Fluid Vs. Wall Temperature

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 January 13, 2006, 01:09 Fluid Vs. Wall Temperature #1 Jack Smith Guest   Posts: n/a Sponsored Links Hi, I am modelling a fluid to solid heat transfer problem. The fluid is at a very high temperature (2100 K), but when I get the solution the solid wall in which it comes in contact with shows a very small increase in temperature (initial 300 K, final ~350 K). Also the material of the solid is copper. Does anybody have an idea what values I should play with to get some reasonable temperatures (exp. anlaysis gives me a wall temp. of around 650 K) I am using a Spart-allmaras turbulent solver for this 3D problem. Thanks.

 January 13, 2006, 10:50 Re: Fluid Vs. Wall Temperature #2 mat w Guest   Posts: n/a Try different viscous models - im using k-e-RNG for some heat sink analyses. It works OK but I'm not going up to the temperatures you are. I also had to go for the enhanced wall treatment which meant adjusting my grid to get the correct y+ value. Also, just a thought but is your fluid density correct at that temp? Sorry, I can't offer more help, but I got past the problem I faced with alot of trial and error and even more patience, good luck

 January 14, 2006, 15:03 Re: Fluid Vs. Wall Temperature #3 Jack Smith Guest   Posts: n/a Thanks, I am also playing around with all the vicous models. Till now the spart allmaras has given me the best convergence and results. also my fluid is ideal gas, so fluent takes care of all the density matters. Also could you tell me, how much of a rise in temperature are you getting and what y+ values are you trying for?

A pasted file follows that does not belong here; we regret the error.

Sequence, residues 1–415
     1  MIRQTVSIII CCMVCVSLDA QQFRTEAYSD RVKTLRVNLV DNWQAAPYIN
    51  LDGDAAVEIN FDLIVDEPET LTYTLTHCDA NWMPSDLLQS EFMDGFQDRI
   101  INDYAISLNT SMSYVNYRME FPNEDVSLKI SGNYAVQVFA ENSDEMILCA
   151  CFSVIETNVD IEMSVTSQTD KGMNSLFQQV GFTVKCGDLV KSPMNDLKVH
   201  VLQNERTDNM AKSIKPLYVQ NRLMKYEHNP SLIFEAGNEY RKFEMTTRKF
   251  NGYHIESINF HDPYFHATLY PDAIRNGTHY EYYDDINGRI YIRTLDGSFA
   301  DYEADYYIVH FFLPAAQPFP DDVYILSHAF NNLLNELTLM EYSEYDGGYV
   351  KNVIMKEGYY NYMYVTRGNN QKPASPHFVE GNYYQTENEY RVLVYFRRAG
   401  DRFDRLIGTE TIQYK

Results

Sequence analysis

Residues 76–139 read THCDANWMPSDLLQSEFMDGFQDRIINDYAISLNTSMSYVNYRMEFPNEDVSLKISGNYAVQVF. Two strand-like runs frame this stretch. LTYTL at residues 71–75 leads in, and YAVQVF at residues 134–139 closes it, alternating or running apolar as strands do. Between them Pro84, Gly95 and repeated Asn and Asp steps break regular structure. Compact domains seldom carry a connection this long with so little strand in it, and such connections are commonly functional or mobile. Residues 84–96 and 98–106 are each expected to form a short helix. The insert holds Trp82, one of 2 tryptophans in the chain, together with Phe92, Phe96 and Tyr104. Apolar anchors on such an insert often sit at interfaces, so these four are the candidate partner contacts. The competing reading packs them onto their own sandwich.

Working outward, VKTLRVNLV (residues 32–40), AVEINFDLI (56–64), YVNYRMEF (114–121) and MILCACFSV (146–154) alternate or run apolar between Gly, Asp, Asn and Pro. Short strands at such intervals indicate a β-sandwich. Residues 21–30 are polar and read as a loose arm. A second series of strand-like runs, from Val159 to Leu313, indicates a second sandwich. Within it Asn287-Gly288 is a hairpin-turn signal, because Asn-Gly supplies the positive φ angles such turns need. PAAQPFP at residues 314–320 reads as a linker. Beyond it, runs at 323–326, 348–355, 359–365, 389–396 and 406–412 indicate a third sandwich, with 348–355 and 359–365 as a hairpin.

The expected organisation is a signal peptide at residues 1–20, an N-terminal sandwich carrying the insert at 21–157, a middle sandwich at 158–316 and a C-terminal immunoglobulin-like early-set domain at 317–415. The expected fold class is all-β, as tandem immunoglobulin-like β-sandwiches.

January 15, 2006, 11:07 Re: Fluid Vs. Wall Temperature #4 mat w Guest   Posts: n/a I'm only dealing with the heat sinks you might find in your computer, so only a 40degC temp rise. The y+ values i go for on the enhanced wall treatments are around 1 - easier said than done if you have a large 3D model. Another problem I've come across are extremely high heat transfer coefficients at the joints between the pin and pin endwall (in the region of a few thousand W/m^2.K). These seem to arise when the cells in the boundary layers of these surfaces have high skew. So another tip I'd suggest is make sure the boundary layer grid has a low equi angle skew as possible. Good luck with it!

 January 19, 2006, 01:08 Re: Fluid Vs. Wall Temperature #5 Prabakaran M K Guest   Posts: n/a Dear jack smith, The problem lies in the near wall treatment. U should provide more layers near the wall to capture the boundary layer and give the correct values at the solid interface. SA model is only for the beginners. it will give you approx. results compared to RNG k-e. So better try with RNG k-e and more refined mesh near the solid-fluid interface. mail ur email id. all the best. MKP

 January 25, 2006, 12:42 Re: Fluid Vs. Wall Temperature #6 Thomas Guest   Posts: n/a What kind of bc have u applied to the waal? a convective bc? what do u mean by initial temperature? are u studying an unsteady case? If u expect so different temperatures between the flow and the wall u should get more attention in the radiative model that u're using than in the turbulent model. What kind of model are u using and why? thomas

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